Supervisors may also establish writing groups with students. In a writing group, students and supervisor each write papers, singly and together, share them and produce critiques of each other’s texts. They discuss the processes of writing as practical and theoretical problems. They bring questions about research ethics, epistemology and representation into meaningful conversation with questions of choice of words, possible structures and convincing arguments.

Some writing groups have produced books that are helpful for other writing oriented collectives to consider. We think, for example, of Noeleen Garman’s narrative and arts-informed writing group (Ceroni et al. 1996; Piantanida et al. 2003) in which students jointly explored theoretical approaches to writing through extant literature on writing and different forms of texts, and through writing and debating their own theory and exemplars.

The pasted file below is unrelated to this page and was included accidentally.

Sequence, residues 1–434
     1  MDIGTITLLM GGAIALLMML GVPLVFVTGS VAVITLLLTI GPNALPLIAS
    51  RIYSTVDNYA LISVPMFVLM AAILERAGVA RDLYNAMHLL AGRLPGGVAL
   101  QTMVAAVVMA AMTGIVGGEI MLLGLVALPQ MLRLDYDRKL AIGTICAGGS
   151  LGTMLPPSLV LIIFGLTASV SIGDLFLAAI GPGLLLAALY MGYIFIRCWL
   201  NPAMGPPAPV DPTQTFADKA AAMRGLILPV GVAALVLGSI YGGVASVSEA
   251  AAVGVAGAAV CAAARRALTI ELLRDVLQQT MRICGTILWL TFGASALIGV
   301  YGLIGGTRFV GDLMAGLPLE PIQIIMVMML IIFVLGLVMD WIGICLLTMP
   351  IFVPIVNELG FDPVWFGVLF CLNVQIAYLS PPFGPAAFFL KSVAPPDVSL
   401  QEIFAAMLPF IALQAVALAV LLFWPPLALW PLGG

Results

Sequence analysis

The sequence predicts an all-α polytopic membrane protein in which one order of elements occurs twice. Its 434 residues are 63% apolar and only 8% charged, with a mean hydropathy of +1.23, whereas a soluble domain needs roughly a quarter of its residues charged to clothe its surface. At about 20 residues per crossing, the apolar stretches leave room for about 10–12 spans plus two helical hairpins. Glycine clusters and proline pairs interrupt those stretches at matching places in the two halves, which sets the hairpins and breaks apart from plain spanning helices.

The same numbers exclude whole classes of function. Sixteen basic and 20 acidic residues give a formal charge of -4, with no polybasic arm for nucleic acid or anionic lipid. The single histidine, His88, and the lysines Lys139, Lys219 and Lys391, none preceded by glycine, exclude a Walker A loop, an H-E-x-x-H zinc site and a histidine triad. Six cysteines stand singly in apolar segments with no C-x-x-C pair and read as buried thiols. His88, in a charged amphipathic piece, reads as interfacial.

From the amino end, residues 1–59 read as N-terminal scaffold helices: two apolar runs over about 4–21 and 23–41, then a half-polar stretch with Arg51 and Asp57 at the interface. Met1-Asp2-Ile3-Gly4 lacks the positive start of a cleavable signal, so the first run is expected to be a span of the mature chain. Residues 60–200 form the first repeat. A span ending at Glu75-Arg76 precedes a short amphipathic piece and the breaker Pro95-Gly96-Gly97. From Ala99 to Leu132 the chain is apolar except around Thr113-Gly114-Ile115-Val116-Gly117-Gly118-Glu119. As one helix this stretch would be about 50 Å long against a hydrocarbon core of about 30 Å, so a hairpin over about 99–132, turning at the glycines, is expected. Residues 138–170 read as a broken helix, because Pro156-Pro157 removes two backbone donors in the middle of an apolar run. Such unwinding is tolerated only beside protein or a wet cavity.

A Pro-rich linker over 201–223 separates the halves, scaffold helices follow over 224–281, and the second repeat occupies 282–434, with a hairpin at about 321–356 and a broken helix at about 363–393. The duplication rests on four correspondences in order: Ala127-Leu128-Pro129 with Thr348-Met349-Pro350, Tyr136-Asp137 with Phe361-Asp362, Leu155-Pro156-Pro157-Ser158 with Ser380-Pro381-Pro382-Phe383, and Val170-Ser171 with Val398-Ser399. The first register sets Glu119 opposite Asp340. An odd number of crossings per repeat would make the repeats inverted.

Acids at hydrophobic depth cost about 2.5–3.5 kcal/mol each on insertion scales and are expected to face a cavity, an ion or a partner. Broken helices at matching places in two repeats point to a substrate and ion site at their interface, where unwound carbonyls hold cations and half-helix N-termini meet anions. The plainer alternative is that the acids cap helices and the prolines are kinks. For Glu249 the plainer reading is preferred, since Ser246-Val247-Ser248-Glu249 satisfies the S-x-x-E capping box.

Susan Moore Johnson’s work provides another example. She has worked with her doctoral students on a long-term research agenda examining the retention and attrition of newly appointed teachers. Their collaborative project, The Project on the Next Generation of Teachers, resulted in an award-winning jointly-authored book Finders and Keepers: Helping New Teachers Survive and Thrive in Our Schools (Moore Johnson et al. 2004). Through the process of joint research and joint writing, Susan has provided a collective space in which students learn not only from her, but also from and with each other.